From the Sperry Garden – October, 2007
We moved into our home 29 years ago. Soon thereafter I planted three 5-gallon compact nandinas (the second-tallest of the 7 or 8 common types of nandinas) beneath our living room windows. Over the years those three nandina plants spread gradually to cover more than 150 square feet of bed space. That was a good thing, since I had removed some old redtip photinias there many years ago and the nandinas had taken over the ground where they grew.
This fall I decided to reclaim that space since it now is just about my only sunny location in which I can grow flowers and vegetables. We dug nandinas out like you would clear out old, congested Shasta daisies. Every plant went into a new bed across the new pathway. Each plant was cut back by half or more to compensate for roots that were lost in the process.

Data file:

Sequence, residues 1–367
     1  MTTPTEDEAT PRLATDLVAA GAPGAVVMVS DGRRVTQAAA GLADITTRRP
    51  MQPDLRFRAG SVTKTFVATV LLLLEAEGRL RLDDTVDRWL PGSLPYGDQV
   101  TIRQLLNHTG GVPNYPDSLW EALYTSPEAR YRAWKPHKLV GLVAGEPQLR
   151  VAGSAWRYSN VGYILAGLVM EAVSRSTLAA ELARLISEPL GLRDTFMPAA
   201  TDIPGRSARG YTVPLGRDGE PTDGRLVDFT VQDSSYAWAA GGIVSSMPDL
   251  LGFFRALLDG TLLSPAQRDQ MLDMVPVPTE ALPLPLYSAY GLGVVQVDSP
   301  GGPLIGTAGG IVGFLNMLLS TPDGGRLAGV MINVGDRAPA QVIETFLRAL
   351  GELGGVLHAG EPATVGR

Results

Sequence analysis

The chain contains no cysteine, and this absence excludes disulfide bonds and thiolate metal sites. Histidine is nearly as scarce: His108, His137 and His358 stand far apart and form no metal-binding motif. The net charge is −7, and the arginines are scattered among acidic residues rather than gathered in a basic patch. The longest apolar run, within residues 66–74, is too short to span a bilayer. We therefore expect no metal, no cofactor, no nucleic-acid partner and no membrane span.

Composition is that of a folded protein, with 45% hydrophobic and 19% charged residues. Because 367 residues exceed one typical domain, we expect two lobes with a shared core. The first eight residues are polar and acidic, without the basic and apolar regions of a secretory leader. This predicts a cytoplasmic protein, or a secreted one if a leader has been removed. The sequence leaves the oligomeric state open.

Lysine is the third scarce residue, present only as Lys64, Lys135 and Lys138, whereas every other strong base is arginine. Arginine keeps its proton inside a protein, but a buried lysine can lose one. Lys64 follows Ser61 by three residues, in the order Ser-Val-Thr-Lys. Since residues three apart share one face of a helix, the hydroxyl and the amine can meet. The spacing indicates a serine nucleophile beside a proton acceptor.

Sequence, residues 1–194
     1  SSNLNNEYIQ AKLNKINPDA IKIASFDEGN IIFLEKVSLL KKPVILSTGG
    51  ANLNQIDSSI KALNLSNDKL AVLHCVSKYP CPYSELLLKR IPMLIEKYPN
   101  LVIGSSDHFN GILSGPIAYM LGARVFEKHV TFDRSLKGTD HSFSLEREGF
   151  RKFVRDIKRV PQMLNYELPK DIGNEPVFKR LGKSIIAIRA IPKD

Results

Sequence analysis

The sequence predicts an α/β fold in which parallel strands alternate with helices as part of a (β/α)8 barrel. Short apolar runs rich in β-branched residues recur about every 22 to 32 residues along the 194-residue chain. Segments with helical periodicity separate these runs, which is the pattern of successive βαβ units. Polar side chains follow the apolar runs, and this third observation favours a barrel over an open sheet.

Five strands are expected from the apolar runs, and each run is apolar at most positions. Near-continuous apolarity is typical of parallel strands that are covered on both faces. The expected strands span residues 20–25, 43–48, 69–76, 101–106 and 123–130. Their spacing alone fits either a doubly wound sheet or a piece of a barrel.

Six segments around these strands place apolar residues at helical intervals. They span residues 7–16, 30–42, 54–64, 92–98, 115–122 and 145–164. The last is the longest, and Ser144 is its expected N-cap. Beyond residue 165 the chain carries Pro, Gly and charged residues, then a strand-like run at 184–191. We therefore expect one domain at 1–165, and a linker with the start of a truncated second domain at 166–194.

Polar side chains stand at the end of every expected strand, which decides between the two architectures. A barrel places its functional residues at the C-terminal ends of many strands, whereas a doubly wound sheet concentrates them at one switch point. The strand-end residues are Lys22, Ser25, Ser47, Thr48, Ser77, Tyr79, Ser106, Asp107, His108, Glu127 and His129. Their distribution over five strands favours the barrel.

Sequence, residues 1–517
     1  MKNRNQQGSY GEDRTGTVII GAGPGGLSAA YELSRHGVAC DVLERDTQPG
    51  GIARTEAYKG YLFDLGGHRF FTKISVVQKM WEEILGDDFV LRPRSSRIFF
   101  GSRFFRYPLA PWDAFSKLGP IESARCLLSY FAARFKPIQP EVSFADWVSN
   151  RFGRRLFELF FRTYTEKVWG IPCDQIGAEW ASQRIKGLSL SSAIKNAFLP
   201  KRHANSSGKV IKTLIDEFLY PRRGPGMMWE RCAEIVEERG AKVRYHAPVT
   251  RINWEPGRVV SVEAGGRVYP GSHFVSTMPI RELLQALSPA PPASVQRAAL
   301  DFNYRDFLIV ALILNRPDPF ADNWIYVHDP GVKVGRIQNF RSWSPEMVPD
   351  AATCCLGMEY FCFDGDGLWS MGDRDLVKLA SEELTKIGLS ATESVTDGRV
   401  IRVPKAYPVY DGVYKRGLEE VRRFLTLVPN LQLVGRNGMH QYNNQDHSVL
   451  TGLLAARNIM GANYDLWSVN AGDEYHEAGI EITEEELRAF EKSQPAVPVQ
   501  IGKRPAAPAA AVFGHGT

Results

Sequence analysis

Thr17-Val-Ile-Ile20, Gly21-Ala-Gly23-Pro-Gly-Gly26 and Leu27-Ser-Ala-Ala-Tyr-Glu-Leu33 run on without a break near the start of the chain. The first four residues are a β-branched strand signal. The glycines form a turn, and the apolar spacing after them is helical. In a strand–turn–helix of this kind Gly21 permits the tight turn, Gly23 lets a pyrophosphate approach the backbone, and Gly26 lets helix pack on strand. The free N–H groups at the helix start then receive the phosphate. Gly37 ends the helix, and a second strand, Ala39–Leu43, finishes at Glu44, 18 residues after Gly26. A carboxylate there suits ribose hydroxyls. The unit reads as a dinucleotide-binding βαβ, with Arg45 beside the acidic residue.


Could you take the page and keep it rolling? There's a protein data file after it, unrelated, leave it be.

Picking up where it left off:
You can see the old bed where these plants once grew and you can also see the new bed that now is their home. What you can’t see is how this is going to look in a year or two as the old bed is reworked and as the new bed fills in. One thing is certain, however. The nandinas will take off just fine with those first warm days of late winter.
This is not the first time I have dug and divided nandinas. The way these plants have thrived, I’m sure it won’t be the last.